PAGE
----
Our group is based in the Photon Science Institute and the School of Chemistry, University of Manchester, UK

Chemical reactions on surfaces are the driving force behind many important technologies, most notably heterogeneous catalysts and electrochemical technologies such as batteries and fuel cells.

The group uses cutting-edge surface characterisation techniques to understand surface chemistry on the atomic scale. We have a particular interest in studying surface chemistry in-situ (that is, following surface chemical reactions as they happen).

Research Areas

2D materials as electrocatalysts

Novel electrocatalysts are needed for future electrochemical technologies in the energy generation and storage sector. For example, large amounts of platinum is needed to catalyse the Oxygen Reduction Reaction (ORR) in a hydrogen fuel cell. An efficient, earth abundant and poison-resistant alternative is highly desirable. Nitrogen-doped graphene (graphene with some of the carbon atoms replaced by nitrogen) is a promising candidate for an earth-abundant alternative, but development is hampered by a poor understanding of the active sites for the catalysis and the reaction mechanism.

AFM image of monolayer graphene on copper

Similarly, a new class of 2D materials, the layered oxides, are promising candidates for the Oxygen Evolution Reaction (OER) – half of the electrochemical water splitting reaction needed to produce hydrogen.

We use a combination of surface-sensitivity spectroscopy (X-Ray Photoelectron Spectroscopy) and atom-resolved microscopy (Scanning Tunnelling Microscopy/Atomic Force Microscopy) to understand the surface composition and chemistry of these materials on the atomic scale. We can then relate the surface structure and chemistry to their catalytic activity and gain real insight into their catalytic mechanism.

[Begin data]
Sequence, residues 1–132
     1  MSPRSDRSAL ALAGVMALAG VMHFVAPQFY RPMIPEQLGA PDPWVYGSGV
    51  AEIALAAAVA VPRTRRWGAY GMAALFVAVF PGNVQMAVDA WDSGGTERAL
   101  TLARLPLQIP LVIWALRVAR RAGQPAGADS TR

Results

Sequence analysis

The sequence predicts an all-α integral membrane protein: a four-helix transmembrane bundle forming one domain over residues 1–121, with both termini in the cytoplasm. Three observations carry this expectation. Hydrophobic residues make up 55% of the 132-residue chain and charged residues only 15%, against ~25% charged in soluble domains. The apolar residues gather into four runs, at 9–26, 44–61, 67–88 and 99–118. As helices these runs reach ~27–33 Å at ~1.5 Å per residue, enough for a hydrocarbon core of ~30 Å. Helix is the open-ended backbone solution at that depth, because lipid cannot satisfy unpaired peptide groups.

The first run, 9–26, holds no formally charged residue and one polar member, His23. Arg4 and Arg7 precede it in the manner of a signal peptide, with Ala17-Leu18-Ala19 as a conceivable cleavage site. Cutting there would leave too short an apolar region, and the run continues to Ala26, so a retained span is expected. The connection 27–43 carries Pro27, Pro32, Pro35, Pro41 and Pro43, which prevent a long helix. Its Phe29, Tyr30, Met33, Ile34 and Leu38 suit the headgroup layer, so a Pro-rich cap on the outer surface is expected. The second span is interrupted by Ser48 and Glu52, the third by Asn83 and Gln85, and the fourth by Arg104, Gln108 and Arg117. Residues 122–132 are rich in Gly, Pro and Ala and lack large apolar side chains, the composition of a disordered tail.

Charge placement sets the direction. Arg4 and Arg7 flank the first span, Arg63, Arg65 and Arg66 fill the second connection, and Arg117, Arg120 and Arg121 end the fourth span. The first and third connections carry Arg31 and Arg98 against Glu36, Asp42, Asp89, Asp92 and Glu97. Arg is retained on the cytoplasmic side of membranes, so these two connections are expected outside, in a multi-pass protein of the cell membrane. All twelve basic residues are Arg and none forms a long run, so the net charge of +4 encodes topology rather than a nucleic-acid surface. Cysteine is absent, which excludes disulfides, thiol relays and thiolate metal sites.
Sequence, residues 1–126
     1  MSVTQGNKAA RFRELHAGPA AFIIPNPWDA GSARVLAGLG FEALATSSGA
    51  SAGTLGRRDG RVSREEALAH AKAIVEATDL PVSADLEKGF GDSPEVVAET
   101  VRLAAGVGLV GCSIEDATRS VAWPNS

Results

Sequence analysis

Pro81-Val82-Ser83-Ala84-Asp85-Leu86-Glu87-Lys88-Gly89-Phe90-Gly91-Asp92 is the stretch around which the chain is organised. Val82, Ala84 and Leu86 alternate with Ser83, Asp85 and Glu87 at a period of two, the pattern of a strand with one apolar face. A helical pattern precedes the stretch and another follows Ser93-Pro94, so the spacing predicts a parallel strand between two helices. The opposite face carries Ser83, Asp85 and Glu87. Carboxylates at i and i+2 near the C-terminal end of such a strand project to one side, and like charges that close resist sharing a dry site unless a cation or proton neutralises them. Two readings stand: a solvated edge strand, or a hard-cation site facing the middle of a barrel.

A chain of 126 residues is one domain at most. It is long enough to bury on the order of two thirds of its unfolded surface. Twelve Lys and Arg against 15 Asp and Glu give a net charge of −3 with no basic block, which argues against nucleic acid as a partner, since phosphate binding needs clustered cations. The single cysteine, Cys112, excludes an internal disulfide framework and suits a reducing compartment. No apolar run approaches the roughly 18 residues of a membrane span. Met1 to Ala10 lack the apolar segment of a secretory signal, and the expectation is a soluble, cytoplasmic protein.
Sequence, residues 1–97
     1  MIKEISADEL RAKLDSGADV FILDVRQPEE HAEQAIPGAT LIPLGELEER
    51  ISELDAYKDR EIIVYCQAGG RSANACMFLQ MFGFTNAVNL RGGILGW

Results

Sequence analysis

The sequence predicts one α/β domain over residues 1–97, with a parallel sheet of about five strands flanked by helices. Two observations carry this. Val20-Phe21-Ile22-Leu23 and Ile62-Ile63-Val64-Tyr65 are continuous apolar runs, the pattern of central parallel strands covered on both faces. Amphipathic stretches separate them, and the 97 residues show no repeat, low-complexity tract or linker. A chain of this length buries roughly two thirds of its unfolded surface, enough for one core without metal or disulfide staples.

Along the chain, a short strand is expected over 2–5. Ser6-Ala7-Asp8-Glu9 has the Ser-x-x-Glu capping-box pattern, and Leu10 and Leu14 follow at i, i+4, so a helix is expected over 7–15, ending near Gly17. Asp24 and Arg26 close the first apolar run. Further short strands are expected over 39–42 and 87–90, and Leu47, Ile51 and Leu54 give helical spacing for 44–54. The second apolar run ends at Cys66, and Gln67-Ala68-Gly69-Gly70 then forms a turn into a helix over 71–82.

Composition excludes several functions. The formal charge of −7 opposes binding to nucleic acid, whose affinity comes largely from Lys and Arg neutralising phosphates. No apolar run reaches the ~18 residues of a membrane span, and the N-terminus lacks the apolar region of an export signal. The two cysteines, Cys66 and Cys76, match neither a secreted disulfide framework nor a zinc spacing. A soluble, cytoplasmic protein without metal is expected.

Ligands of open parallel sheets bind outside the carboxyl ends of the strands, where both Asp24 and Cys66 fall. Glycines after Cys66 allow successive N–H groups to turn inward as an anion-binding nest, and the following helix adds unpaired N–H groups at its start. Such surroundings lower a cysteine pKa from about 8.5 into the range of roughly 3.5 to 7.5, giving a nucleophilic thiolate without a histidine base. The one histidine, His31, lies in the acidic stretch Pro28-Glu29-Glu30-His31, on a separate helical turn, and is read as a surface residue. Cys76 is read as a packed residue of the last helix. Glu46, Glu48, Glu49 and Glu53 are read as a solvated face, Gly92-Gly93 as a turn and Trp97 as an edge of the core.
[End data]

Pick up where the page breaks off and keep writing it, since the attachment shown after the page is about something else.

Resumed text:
STM image of 2D cobalt oxide electrocatalyst

Operando studies of heterogeneous catalysts

Heterogeneous catalysis is enormously important in the chemical industry. It’s estimated that 95% of all products (by volume) have been through a catalytic process at some point during their manufacture. Despite this, understanding of heterogeneous remains poor due to the difficulty of characterising the surface of the catalyst during operation. Post-mortem studies of catalysts are of limited use as the surface of the catalyst may be (and often is) completely different under operating conditions.

A new generation of in-situ characterisation techniques are now emerging which allow researchers to perform operando studies of catalysts (that is, characterise them whilst they are converting reactants into products). Our group uses Near-Ambient Pressure XPS to look at the operando surface chemical composition of catalytic material and gain new insight into their reaction mechanism.

XPS spectra taken before and during catalyst activation

Probing the solid-liquid interface in-situ

Electrochemical processes take place at the electrode-electrolyte interface. To fully understand electrocatalysts and battery electrodes, it is essential to characterise this interface during electrochemical reactions. However, as the interface is buried by the solid electrode on one side and the electrolyte on the other, it is a major technical challenge to study this critical interface. Our group are currently developing novel and cutting edge methodologies using our Near-Ambient Pressure XPS system to study the electrode-electrolyte interface in-situ – based on establishing an ultrathin wetting layer over the analysis area, through which the interface can be measured.

XPS of the solid/liquid interface between a titanium dioxide surface and a water droplet